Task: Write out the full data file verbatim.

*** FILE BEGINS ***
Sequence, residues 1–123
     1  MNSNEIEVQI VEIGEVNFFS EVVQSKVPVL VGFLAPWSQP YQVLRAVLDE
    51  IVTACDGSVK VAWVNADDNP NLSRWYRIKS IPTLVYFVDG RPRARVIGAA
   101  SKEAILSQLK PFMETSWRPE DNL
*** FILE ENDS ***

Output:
Sequence, residues 1–123
     1  MNSNEIEVQI VEIGEVNFFS EVVQSKVPVL VGFLAPWSQP YQVLRAVLDE
    51  IVTACDGSVK VAWVNADDNP NLSRWYRIKS IPTLVYFVDG RPRARVIGAA
   101  SKEAILSQLK PFMETSWRPE DNL